Lawyer reminds jury no forensic evidence of Busch found at Metchosin murder scene

James Lee Busch (left) and Zachary Armitage (right) are accused of murdering Martin Payne when they escaped from William Head Prison in July 2019.

The lawyer representing one of the men on trial for the murder of a Metchosin man reminded the jury on Wednesday that no forensic evidence for his client was found at the scene of the murder.

Day two of the defence’s cross-examination of the forensic expert in the Metchosin murder trial continued on Wednesday. Zachary Armitage and James Lee Busch, who escaped from William Head Prison in July of 2019, are both facing individual murder charges for the death of 60-year-old Martin Payne.

Both men have pleaded not guilty.

In the first real glimpse of the defence’s strategy, the lawyer representing Busch spent the day in court trying to distance his client from the scene of Payne’s murder.

Criminal defence lawyer Ryan Drury tried to drive home to the jury that no forensic evidence placed Busch inside the crime scene. Instead, he pointed to evidence which placed his co-accused, Armitage at the scene.

Drury drew comparisons to a white waffle shirt found drenched in blood in Payne’s house, to the white waffle shirts found in Armitage’s William Head prison cell during a forensic search.

Also highlighted was the pair of 10.5-sized New Balance running shoes found in Payne’s house. The defence pointed out that the footprints found connected to those shoes were not definitive, found only near the entrance of the bathroom, and had minimal blood stains on them.

In contrast, Drury pointed out that the second pair of ASIC shoes also found at the crime scene were covered in blood, and matched with footprints found much closer to Payne’s body.

The crux of Drury’s argument was a critique of the Vancouver Island Integrated Major Crime’s forensic investigation as a whole. Drury highlighted to the jury objects in Payne’s house which were not documented–like within Payne’s garage where duct tape and tools similar to those found in Payne’s bedroom, could be seen.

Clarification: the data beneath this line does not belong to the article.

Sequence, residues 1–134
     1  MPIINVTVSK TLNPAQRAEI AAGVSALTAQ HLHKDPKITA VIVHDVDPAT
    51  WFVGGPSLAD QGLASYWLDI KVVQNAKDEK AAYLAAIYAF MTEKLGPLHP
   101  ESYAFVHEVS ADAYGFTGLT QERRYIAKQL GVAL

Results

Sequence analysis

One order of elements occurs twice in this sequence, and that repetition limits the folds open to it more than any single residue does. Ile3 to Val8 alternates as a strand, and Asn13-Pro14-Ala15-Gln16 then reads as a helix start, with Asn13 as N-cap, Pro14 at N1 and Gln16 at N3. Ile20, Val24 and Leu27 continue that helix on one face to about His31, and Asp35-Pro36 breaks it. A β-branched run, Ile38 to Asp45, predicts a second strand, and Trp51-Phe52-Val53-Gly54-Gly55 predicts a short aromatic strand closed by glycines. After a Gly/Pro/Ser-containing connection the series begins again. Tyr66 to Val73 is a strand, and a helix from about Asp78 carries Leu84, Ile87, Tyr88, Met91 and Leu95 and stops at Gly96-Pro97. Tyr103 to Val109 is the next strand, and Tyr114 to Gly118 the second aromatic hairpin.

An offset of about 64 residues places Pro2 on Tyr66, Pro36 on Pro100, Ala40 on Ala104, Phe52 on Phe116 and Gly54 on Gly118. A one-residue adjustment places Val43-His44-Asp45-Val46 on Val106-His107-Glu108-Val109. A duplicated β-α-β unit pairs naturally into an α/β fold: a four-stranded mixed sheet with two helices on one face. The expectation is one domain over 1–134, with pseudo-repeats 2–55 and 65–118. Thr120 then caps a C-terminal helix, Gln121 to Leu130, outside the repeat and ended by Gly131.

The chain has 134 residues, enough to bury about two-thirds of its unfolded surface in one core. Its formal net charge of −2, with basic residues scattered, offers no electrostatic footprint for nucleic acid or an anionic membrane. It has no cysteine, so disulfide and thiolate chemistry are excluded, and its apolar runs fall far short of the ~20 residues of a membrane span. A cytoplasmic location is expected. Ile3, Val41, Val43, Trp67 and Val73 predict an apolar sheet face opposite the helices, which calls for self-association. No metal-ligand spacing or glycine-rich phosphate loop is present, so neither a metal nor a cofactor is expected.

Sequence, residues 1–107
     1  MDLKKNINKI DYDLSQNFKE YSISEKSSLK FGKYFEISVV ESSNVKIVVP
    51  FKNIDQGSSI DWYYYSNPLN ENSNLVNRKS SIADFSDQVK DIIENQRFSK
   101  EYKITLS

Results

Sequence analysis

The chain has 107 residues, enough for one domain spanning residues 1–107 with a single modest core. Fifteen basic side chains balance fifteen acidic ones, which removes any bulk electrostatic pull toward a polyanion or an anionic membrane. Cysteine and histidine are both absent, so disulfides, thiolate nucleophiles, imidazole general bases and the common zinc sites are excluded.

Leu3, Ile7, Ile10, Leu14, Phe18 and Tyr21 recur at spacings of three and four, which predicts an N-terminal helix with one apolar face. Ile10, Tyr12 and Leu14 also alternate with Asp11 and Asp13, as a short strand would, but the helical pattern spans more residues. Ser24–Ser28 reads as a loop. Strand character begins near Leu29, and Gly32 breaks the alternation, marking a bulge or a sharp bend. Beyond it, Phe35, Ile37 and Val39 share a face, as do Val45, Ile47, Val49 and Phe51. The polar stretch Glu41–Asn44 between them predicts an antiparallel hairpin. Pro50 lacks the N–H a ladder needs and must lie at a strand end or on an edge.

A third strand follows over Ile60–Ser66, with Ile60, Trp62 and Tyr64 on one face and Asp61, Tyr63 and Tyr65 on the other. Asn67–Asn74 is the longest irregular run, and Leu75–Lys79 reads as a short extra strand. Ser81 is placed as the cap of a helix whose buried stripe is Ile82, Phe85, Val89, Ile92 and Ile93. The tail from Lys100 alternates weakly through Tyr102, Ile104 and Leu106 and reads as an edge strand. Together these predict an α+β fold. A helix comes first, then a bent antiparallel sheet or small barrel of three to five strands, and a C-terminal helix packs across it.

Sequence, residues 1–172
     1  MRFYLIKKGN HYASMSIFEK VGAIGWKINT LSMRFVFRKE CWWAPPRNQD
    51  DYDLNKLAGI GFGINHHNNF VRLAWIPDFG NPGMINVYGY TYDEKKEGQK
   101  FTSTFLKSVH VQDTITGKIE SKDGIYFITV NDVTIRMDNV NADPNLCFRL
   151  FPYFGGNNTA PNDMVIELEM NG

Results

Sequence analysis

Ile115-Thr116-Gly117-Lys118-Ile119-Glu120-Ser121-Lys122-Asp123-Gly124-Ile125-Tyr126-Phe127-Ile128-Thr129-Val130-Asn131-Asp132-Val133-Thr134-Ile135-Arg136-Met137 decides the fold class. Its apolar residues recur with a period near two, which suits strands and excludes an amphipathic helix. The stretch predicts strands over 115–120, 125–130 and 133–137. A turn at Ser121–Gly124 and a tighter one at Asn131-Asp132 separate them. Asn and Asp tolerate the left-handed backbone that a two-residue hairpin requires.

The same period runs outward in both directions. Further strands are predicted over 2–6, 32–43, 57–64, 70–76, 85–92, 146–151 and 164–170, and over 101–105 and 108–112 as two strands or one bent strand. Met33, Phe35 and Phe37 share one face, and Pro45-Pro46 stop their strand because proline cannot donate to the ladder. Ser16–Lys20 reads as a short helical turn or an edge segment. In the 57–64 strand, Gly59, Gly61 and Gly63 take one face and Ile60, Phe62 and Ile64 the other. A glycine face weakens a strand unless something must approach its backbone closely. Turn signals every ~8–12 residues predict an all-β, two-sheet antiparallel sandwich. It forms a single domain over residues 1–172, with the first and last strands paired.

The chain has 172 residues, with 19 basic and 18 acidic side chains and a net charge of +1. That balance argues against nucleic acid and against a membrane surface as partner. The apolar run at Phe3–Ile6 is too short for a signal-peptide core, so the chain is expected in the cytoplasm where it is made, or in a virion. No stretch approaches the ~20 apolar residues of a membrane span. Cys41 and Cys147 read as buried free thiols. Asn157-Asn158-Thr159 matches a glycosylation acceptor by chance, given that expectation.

“You’re not connecting the dots are you corporal?” Drury asked lead forensic investigator Cpl. Sarson.

In a pivotal moment, Drury also pointed out that handwriting analysis had not been conducted on a key piece of evidence–the note found on Payne’s desk asking for the pins to someone’s credit cards.

The lack of which, Busch’s counsel says, means that Payne isn’t excluded from writing the note himself.

Drury also pointed to pens at Payne’s desk that hadn’t been tested to match the handwriting, that a cellphone found in Payne’s kitchen, sawed-off axe handles, and fibres found on the duct tape dispenser were also not tested.

Crown had time to re-examine its witness in the afternoon, where Crown prosecutor Chandra Fisher, through Sarson, highlighted why evidence had to be moved to avoid contamination, that a mop had been found to have traces of blood on it, and made sure to outline the food which was found in Payne’s fridge and cupboards (bread, cheese slices, deli meats).

In the afternoon Crown brought up Const. Meghan Groulx with the Westshore RCMP who acted as an exhibit officer during the forensic investigation.

Groulx carried out a show-and-tell of some of the weapons found in Payne’s house including the Bowie knife and hack saw found near his body in the bathroom, the tape dispenser found in his bedroom, the sawed-off axe handles, and the sets of shoes found in garbage bags at the scene of the crime.

Her testimony is expected to continue Thursday.

READ MORE: Defence questions forensic evidence choices in Metchosin murder trial

Kori SidawayKori Sidaway

Recent Stories

Send us your news tips and videos!